I had so much fun when my kids and I visited Washington, D.C., and visited the National Postal Museum, so I was excited to read a review copy of Who’s Got Mail?: The History of Mail in America by Linda Barrett Osborne (Abrams Books, May 2023). This middle-grade nonfiction book covers the details of the history and significance of mail services in the U.S., from before the founding of the country until today.
The first few chapters follow a timeline structure to the development of the postal services as they are today, beginning with details about mail delivery before the U.S. was even a nation. I was shocked at what I learned about national mail services before and during the Civil War. For example, some mail departments in the South refused to deliver any anti-slavery materials! Also, the effect of the Pony Express (which always seemed to be an emphasized part of American history) was just a footnote in the expansive history of mail services.
The history of U.S. postal services has some memorable facts. I loved the silly stories, such as the mailing of children. I hadn’t known any of the facts about the development of mail services from the early years into the governmental establishment of zip codes and the USPS in 1971. It is amazing to read how quickly mail became such an integral part of American culture in the 1960s. There was such an increase in mail volume that some post offices had to close for a time in order to catch up with all the overflowing mail.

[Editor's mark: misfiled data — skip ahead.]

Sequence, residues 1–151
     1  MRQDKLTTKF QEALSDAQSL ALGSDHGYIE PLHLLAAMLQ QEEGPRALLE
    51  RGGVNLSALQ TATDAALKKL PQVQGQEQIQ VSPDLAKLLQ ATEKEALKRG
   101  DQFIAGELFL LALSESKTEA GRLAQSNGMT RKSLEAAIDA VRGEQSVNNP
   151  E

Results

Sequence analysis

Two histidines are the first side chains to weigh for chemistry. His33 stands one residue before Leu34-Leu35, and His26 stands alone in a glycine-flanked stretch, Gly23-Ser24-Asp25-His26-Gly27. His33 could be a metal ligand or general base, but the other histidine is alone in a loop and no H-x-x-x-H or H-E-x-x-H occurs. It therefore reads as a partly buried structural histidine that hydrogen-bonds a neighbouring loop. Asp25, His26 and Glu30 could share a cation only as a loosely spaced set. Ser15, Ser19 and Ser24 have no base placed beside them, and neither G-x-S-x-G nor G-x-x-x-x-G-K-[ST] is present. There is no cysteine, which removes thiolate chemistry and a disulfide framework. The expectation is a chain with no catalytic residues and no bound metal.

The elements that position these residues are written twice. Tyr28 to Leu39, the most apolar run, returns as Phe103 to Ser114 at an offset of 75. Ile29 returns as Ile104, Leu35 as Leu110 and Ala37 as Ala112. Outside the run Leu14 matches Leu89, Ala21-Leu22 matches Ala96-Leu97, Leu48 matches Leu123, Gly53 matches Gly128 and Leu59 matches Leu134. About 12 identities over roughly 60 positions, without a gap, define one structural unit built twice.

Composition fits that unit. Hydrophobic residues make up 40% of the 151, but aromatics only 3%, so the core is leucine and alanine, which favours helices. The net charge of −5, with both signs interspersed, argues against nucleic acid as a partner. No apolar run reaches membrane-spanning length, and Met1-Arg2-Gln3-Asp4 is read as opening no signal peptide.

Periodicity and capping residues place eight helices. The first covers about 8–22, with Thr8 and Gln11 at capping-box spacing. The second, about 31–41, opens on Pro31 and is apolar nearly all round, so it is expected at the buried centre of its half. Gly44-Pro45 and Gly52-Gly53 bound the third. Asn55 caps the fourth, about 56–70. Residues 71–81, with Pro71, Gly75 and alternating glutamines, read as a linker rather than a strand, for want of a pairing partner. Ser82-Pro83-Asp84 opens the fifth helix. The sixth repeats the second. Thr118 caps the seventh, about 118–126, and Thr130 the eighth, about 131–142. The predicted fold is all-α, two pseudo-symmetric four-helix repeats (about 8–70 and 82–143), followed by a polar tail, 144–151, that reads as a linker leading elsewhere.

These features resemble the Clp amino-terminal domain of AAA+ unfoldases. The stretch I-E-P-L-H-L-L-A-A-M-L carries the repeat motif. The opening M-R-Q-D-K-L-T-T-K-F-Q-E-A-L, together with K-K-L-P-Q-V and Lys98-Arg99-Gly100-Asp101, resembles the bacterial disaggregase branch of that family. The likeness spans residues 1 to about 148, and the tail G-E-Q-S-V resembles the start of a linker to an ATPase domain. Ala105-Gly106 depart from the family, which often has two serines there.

Other chapters in the book talked about specific issues in mail service, including significant people working in various post offices throughout history and some of the unfortunate racist policies of post offices through even modern years. These chapters were simply not as interesting to me as the more story-focused history chapters had been. As a part of the history of the postal system, it was an important addition, but the book seemed to lose its momentum as the history book turned into more of a reference book.
The ending chapter and the epilogue do discuss the major difficulties that the USPS faces to this day and possible solutions to those issues. Although personal mail delivery has largely been replaced by digital communications, I hope that the difficulties that the USPS faces will be resolved so we can still enjoy the traditional delivery of mail that feels like receiving a “hug” when we open that envelope.
Who’s Got Mail? would be a useful reference for anyone studying the history of U.S. mail services, or anyone interested in how American history had an effect on the seemingly ordinary aspect of life that is mail delivery. Stamp collectors would also enjoy this glimpse into the USPS’s history.
I enjoyed reading this so soon after reading and reviewing Sallie Bee Writes a Thank-You Note, which reminded me how much physical mail can make someone’s day!
Note: I read a digital review copy.